König Karotte, Operetta by J. Offenbach
Jacques Offenbach was the father and uncrowned king of the operetta, and his talents shine bright in the delightful performance of his classic König Karotte on the stage of the Vienna Volksoper. The witty, allegoric and parodic original French libretto is courtesy of the great Victorien Sardou, who in turn drew inspiration from the German story by E. T. A. Hoffmann. König Karotte now returns to its Germanic roots and hurls the audience into a fairy-tale world of royal intrigue, magic and brewing political dissent. There is one catch: some major characters are vegetables, but the humour is certainly omnivorous.
König Karotte, or King Carrot, follows the troubles of Prince Fridolin XXIV, a monarch who has squandered the kingdom’s fortunes and now seeks to marry for wealth. Princess Kunigunde arrives at the right time, and their romance appears to take off – until the sudden arrival of the mysterious King Carrot. By using his dark magical powers, made even stronger by the evil witch Kalebasse, the strange newcomer makes a fool of Fridolin in front of the royal court and subjects, and only the intervention of Robin, a well-wishing good sorcerer, prevents a lynching. The prince is ousted, and King Carrot assumes the throne, flanked by his band of garden vegetables. Will Fridolin find his way back to power and become a better and wiser statesman?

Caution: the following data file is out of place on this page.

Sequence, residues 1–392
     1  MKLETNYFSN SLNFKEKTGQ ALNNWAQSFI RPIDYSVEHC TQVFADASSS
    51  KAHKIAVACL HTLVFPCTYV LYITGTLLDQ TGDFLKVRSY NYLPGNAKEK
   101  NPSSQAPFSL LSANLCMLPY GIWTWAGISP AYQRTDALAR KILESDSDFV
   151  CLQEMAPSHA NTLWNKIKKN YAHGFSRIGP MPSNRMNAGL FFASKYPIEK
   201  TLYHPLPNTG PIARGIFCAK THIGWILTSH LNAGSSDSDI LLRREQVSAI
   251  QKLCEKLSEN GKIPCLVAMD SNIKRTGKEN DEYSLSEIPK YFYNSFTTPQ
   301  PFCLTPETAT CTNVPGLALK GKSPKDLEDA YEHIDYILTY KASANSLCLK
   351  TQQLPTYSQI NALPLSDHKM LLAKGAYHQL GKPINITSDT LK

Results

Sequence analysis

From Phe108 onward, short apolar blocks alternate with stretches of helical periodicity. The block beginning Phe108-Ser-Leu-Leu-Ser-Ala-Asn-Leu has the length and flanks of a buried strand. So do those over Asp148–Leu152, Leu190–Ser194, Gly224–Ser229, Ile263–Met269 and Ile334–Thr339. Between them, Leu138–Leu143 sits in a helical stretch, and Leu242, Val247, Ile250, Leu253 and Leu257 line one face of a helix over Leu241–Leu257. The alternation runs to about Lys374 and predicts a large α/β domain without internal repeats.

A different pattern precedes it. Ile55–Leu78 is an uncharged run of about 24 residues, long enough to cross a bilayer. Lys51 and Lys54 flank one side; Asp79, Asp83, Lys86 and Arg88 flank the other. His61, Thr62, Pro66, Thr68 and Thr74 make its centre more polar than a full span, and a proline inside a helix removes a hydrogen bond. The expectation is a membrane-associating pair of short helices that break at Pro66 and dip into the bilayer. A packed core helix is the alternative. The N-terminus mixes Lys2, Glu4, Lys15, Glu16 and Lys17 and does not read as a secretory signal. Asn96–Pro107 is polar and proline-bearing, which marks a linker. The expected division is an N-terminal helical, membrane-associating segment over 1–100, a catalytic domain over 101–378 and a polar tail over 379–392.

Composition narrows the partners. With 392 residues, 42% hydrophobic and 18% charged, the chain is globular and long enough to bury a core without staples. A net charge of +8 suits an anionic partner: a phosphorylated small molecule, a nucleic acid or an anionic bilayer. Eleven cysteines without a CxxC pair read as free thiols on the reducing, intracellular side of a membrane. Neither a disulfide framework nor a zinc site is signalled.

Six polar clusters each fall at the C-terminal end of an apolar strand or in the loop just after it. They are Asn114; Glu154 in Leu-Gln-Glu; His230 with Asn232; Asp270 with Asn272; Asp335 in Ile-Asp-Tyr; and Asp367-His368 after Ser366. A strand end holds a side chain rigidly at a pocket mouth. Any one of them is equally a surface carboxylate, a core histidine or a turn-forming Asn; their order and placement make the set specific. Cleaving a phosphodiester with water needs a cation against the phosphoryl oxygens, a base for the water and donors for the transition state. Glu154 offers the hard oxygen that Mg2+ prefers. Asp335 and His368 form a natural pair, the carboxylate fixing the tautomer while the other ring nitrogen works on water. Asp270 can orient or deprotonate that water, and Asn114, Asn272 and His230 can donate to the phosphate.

Offenbach’s hilarious opéra-bouffe-féerie König Karotte premiered on 15 January 1872 at the Théâtre de la Gaîté in Paris under its French title Le Roi Carotte. It enjoyed great success back then, and its later revivals garner much positive attention and acclaim. Now is the Volksoper Wien’s turn to produce this brilliant allegory for the twists and turns of political life. Originally written as the Franco-Prussian War still raged, Sardou’s incisive text made fun of various political factions in France, exposing their moral deficits and inability to govern. The image of a band of root vegetables usurping power and pandering to the masses strikes us with its bitter realism even nowadays.